Weymouth railway stationEdit profile
Weymouth railway station is a railway station serving the town of Weymouth, Dorset, England. The station is the terminus of both the South Western Main Line from London Waterloo and the Heart of Wessex Line from Bristol Temple Meads and Gloucester.History
The first Town station was opened on 20 January 1857 as the southern terminus of the Great Western Railway (GWR) line from Castle Cary via Yeovil. The London and South Western Railway (LSWR) also operated services to the station via Dorchester South railway station. Branches to Portland and Weymouth Quay (both opened in 1865) ran from Weymouth Junction, just north of the station.
The original station buildings were designed by TH Bertram and constructed in timber with a glazed overall roof across the tracks; this was removed after WW2. By the turn of the century the station area comprised five platforms, a large goods yard, and a small LSWR engine shed; the GWR had a larger shed situated north of the station. Nearby, Melcombe Regis halt served Portland passenger trains and provided an overflow platform for excursion trains on busy summer weekends.
After WW2, the station saw rapid growth in holiday and Channel Islands traffic. As a result the station underwent a major expansion in the late 1950s, gaining two lengthy excursion platforms (which now serve today's station), additional sidings adjacent to Jubilee Gardens, and a new signal box to replace two older boxes. However traffic soon declined and the station was progressively rationalised after the end of steam-hauled operations in the late 1960s, with the goods yard closing in 1972 and the signal box and most of the remaining sidings being taken out of use in 1987. Although the current Weymouth Town station is a mere shadow of its former self, the extension of third-rail electrification from Bournemouth in 1988 has given the station much improved services to London,
The current station is a relatively modern structure, having been rebuilt in 1986; in its final years, the old Weymouth station was far too big for the traffic it was handling. The station is now known simply as "Weymouth" in all public material, though its correct name is still considered to be "Weymouth Town", in order distinguish it from the other station at Weymouth Quay.Facilities
- Booking Hall
- Ticket Office (2 Windows)
- Quick Ticket
- News Agent
- Sheltered Seating
- Car Park
- Bicycle Storage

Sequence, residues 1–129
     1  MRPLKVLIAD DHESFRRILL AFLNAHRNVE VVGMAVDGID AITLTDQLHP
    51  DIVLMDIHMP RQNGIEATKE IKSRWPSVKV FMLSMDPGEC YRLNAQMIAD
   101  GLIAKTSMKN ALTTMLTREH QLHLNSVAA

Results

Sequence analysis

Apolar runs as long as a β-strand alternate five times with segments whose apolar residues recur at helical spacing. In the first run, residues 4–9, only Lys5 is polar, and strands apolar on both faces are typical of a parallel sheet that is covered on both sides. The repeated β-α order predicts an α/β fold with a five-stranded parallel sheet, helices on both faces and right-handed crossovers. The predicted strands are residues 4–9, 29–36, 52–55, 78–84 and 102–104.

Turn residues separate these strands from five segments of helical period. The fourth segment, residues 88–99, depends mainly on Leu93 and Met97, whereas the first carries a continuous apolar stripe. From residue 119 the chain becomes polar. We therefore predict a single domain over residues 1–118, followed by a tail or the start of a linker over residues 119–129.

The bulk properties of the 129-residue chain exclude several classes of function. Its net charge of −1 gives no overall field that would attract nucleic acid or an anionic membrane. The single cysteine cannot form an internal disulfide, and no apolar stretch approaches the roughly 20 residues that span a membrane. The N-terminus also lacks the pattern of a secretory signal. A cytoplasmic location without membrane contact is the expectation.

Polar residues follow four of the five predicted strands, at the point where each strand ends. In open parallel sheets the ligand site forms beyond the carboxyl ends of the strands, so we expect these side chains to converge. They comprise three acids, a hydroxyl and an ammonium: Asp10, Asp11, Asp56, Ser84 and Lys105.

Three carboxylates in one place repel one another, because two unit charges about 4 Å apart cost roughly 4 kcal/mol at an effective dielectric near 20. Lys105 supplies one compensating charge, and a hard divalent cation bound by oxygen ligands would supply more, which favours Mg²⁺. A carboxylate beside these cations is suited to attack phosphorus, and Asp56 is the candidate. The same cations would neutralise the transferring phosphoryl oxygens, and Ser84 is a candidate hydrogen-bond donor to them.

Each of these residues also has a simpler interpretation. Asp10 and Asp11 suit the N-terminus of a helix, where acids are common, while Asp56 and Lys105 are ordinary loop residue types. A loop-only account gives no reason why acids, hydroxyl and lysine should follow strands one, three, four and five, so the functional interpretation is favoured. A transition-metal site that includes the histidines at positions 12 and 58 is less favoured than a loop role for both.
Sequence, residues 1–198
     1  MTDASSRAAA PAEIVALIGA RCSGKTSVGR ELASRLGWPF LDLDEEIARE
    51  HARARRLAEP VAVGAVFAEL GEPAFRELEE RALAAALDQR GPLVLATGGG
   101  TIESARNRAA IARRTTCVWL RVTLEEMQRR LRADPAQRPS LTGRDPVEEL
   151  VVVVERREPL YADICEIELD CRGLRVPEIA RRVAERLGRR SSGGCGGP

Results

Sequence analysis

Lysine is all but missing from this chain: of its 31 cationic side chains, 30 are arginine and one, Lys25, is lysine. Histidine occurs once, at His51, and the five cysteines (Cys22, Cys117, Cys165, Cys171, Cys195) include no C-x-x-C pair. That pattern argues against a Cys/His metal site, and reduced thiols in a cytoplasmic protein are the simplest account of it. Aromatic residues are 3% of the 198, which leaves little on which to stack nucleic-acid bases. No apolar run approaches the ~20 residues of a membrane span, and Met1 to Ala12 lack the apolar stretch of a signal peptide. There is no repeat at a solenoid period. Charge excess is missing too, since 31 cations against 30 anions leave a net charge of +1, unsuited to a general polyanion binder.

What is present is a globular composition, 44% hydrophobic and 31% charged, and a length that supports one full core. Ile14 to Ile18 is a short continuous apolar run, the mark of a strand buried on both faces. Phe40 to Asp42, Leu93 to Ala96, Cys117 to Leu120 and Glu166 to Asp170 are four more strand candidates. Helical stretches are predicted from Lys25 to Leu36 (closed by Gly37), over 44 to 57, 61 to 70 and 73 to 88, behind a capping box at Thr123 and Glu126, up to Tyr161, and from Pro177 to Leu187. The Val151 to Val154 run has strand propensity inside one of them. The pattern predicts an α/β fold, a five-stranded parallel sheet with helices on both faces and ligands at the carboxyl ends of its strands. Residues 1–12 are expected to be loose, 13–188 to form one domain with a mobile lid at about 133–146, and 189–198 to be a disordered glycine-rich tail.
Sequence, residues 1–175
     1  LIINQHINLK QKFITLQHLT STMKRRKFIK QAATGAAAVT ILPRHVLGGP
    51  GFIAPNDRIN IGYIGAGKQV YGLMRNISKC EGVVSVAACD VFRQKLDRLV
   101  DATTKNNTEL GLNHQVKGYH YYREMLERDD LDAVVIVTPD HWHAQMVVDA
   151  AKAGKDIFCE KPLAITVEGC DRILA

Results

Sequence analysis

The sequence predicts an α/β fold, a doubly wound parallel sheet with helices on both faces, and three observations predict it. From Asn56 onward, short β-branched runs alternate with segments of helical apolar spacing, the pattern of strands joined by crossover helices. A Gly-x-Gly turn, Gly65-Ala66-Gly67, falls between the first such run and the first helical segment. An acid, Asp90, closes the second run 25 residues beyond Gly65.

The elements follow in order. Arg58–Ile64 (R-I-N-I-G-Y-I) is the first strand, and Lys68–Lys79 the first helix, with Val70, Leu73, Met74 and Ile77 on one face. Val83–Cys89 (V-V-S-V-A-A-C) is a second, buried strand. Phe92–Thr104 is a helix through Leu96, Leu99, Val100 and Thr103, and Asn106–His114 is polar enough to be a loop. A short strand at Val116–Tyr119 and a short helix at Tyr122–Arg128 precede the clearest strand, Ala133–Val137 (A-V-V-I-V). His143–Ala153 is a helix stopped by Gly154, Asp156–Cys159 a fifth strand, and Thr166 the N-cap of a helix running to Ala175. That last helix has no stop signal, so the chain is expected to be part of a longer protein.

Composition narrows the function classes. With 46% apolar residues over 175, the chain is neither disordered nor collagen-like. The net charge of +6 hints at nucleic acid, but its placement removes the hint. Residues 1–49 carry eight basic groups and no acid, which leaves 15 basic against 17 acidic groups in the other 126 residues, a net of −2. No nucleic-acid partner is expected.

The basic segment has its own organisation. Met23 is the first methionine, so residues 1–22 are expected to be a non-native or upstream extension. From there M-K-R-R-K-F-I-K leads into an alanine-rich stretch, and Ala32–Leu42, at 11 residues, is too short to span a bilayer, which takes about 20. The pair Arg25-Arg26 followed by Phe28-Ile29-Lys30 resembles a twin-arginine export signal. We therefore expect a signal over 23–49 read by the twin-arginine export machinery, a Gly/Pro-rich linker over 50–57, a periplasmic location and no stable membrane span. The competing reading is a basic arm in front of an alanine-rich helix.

South West Trains operate half - hourly services to/from London Waterloo via Basingstoke, Southampton Central, Bournemouth and Poole. Services were operated by Wessex Electrics electric multiple units, until early 2007. These trains had been introduced when electrification was extended to Weymouth in 1988. The route is now almost exclusively operated by Class 444 Express Desiro units; although there are occasional services operated by the Class 450 Suburban Desiro units,and rare services by a Class 455 Metro Unit. Of the two trains per hour, one calls at many stations all the way to Southampton to pick up stations served by the former Wareham - Brockenhurst and Poole - Waterloo services. The other service calls at few stations to Southampton, and then fast from Winchester to London Waterloo.
First Great Western operate services to/from Bristol via Bath Spa, Westbury and Yeovil. One early morning service originates from Westbury, but the others all operate through (eight each way Mon-Sat, three on Sundays all year plus two additional trains in the summer). Many Bristol services now continue on to Gloucester, Worcester or Great Malvern. Services are operated by Class 150, Class 153 or Class 158 diesel multiple units. In the past few years on summer Saturdays, Class 31 locomotives and Mk.2 coaching stock had been hired from FM Rail to cater for extra passengers and holiday makers, but the demise of the charter company has seen this practice cease.Weymouth Quay
Weymouth Quay railway station is the other terminus in the town, though it currently receives no regular scheduled service. Its passenger station was used solely for trains connecting with cross-channel ferries, which have not run since 1987, though the line remains part of the network and the station, in theory, still open. Its use has been suggested as part of the transport infrastructure for the 2012 Olympic sailing events to take place on the Isle of Portland, though since it is accessed via the Weymouth Harbour Branch, which runs along public streets, this poses difficulties. Previously, the branch saw both freight and passenger traffic, most recently fuel-oil trains.